The Changing Dynamics of Logistics with Artificial Intelligence

Source: Artificial Intelligence on Medium

The Changing Dynamics of Logistics with Artificial Intelligence

We are living in a dynamic era; the digital revolution is redefining the way we live and the pivotal role in this revolution will be increasingly played by Artificial Intelligence. Artificial Intelligence can be defined as human intelligence being exhibited by machines; systems that approximate, mimic, replicate, automate and eventually improve on human thinking.

Machine learning is a subset of AI and deep learning is a deeper subset of AI.

Artificial Intelligence might one day function as well as human intelligence; machine learning is a specific term that refers to machines being designed to gather information (usually within a niche domain) and these machines learn on the basis of the inputs they are provided with.

Deep learning is a subset of machine learning. Hence, it is about learning continually; the system intends to learn from the observations based on real-world problems and adjusts the learning model as it takes in more information and new insights.


Logistics is increasingly being redefined by Tractica, an independent market research firm has estimated the sales of warehouse and logistics will reach $22.4B by 2021 and implementing AI across the supply chain can allow companies to garner $1.3trillion to $2trillion per year. AI is even helping companies save money and improvise business processes. Every year, United Parcel Service (UPS) is saving 10 million gallons of fuel due to AI.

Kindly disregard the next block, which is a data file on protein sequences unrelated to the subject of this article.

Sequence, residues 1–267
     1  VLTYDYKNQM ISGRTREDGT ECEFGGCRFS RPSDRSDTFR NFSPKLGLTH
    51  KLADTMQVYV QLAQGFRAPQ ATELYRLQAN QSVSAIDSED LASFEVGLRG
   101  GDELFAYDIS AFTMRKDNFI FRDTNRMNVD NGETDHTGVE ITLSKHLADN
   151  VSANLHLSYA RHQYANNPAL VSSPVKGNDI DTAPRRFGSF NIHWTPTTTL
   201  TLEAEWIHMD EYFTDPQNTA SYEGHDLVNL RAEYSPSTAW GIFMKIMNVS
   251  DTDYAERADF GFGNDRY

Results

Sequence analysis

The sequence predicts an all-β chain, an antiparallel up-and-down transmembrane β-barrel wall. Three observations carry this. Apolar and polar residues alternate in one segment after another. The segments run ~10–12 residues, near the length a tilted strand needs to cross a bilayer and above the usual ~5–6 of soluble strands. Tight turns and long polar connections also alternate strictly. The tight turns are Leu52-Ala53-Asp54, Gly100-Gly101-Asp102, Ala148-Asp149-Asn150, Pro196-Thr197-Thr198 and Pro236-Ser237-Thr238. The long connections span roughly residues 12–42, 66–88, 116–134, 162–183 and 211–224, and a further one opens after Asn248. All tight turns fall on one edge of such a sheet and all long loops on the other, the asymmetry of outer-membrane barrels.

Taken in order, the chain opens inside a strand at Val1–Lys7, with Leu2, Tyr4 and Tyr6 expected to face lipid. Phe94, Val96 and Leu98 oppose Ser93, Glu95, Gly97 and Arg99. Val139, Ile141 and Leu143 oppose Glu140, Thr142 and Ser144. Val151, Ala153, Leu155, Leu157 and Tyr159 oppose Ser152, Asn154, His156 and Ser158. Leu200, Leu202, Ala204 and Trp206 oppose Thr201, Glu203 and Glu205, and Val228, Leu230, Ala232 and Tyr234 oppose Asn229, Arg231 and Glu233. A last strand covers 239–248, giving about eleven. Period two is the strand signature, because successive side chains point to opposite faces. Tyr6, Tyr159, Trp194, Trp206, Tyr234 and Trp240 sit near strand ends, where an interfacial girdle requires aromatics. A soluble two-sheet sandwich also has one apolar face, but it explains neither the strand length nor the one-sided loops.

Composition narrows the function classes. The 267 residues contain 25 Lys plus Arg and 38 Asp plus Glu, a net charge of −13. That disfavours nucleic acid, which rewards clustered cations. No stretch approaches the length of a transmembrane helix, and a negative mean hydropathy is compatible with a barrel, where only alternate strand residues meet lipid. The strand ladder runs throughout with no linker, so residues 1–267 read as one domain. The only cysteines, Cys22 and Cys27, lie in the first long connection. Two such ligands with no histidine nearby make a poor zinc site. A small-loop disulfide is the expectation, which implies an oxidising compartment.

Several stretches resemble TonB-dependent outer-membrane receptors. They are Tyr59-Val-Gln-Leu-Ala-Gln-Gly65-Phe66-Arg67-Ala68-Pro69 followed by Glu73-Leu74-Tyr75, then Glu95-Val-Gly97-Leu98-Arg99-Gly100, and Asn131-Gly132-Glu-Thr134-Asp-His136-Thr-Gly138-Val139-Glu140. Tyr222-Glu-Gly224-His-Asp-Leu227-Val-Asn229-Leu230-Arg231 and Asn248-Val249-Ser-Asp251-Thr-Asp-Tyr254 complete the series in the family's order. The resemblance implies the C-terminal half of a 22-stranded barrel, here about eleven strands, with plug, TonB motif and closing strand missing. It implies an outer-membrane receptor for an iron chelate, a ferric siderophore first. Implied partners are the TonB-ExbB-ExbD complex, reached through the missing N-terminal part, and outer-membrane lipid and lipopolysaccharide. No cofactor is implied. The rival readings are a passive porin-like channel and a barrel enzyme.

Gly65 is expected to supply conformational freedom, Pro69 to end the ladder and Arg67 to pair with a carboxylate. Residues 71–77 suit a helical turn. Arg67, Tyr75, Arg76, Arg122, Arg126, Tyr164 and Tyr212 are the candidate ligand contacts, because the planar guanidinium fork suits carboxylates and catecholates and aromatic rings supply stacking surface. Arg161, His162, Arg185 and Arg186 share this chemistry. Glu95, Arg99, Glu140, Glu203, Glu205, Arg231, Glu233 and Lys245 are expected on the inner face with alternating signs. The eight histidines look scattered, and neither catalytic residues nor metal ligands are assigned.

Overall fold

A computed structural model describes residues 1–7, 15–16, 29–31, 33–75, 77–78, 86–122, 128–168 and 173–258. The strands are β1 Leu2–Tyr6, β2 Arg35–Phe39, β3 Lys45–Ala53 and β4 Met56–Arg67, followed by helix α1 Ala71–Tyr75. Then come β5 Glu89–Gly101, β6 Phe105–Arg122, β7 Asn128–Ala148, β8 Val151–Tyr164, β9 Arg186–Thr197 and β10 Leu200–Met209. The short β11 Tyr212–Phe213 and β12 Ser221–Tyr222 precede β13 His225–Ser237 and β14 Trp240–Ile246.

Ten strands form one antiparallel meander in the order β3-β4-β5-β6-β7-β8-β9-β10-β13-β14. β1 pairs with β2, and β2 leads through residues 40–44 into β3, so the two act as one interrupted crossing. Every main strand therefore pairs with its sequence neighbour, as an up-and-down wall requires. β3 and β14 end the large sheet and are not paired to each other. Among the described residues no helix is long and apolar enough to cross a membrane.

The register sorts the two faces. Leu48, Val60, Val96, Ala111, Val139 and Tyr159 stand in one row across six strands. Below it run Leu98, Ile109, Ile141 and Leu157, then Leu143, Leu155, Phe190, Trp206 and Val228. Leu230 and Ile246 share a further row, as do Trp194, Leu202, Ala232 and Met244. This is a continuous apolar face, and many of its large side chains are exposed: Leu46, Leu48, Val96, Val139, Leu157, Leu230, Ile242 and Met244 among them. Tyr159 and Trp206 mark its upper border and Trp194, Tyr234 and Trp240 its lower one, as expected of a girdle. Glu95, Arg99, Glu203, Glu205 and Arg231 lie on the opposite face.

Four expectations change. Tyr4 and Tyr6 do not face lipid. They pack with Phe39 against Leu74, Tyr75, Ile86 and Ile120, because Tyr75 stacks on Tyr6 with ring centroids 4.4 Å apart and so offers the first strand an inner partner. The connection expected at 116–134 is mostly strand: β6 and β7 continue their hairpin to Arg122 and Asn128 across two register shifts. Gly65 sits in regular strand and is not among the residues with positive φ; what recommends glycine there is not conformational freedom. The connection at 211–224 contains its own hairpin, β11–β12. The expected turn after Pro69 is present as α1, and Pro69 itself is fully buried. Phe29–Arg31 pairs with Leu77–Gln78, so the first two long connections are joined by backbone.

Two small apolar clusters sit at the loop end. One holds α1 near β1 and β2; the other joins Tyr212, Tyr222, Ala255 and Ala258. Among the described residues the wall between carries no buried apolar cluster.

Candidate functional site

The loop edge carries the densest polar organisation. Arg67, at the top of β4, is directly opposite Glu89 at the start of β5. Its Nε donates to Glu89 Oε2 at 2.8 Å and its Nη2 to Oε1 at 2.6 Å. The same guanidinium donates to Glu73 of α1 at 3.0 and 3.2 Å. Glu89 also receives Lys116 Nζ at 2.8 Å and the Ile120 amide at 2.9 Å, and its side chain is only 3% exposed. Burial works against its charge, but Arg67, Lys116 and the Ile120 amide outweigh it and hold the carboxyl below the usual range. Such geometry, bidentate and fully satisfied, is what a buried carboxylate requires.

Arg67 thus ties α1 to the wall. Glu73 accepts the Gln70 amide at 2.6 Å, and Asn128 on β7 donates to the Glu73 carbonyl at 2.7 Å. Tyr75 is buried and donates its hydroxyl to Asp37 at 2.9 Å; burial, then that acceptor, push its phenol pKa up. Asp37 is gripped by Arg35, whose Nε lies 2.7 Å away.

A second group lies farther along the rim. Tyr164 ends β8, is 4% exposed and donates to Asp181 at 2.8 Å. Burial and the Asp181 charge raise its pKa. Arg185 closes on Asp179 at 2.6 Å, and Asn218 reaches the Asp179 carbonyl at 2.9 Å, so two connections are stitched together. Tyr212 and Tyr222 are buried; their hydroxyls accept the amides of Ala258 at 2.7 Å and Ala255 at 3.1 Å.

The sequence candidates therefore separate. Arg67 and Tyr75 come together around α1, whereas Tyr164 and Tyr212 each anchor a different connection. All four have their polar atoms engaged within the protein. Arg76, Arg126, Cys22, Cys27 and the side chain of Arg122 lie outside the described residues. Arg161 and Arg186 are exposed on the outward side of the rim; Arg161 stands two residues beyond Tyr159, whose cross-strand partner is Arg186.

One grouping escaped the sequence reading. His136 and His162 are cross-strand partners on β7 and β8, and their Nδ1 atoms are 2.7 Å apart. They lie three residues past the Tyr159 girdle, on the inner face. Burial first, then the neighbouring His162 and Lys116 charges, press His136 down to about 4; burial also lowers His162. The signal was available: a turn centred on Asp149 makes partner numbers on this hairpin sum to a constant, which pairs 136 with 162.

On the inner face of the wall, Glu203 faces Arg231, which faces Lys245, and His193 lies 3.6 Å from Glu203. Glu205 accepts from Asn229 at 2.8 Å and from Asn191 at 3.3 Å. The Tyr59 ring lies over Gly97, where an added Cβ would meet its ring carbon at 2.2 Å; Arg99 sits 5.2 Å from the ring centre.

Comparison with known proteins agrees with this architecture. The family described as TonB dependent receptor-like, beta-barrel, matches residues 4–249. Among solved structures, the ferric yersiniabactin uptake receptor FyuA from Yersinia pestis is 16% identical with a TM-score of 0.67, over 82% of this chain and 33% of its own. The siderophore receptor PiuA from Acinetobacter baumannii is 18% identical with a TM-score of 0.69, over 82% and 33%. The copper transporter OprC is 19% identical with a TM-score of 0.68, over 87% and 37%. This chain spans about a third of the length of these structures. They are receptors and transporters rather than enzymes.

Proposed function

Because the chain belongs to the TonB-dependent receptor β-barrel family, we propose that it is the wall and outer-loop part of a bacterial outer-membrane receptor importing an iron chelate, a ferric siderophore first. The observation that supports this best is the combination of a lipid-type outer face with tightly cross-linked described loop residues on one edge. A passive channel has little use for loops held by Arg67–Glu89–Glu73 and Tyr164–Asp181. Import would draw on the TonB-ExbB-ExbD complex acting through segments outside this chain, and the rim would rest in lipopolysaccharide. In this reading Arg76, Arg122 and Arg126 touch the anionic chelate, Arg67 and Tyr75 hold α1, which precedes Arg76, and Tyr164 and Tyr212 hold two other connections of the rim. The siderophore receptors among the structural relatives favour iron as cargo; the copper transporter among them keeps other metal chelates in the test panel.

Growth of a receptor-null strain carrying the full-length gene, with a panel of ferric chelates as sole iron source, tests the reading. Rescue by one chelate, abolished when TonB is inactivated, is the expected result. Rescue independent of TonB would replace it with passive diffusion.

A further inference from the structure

So, how is AI shaping the logistics industry?

The business world is getting more complex and competitive with each passing day as companies operating global supply chains work under tremendous pressure to deliver better services at flat or even lower costs. In such scenarios, AI offers an opportunity to save time, reduce costs and increase productivity levels and accuracy with cognitive automation.

Source: Boston Consulting Group

DEMAND PREDICTION with Big Data: The beauty of AI is that the game-changing aspects of logistics; its ability to predict demand, predict trends, optimize delivery routes and manage networks. According to research by Deloitte, in many cases, algorithms done by AI can predict better outcomes than human experts. AI also aims to improve customer experience through

personalization, product suggestions, and customization tailored specifically to suit a user’s buying habits and preferences.

In February 2017, fidget spinners took over the social media with a blast. AI helped identify the quantitative rise in the talks around fidget spinners as well as the context of interest from a semantic understanding of unstructured talks on social media. AI along with Big Data enables predictions about fads which could boom into a fashion similar to fidget spinners.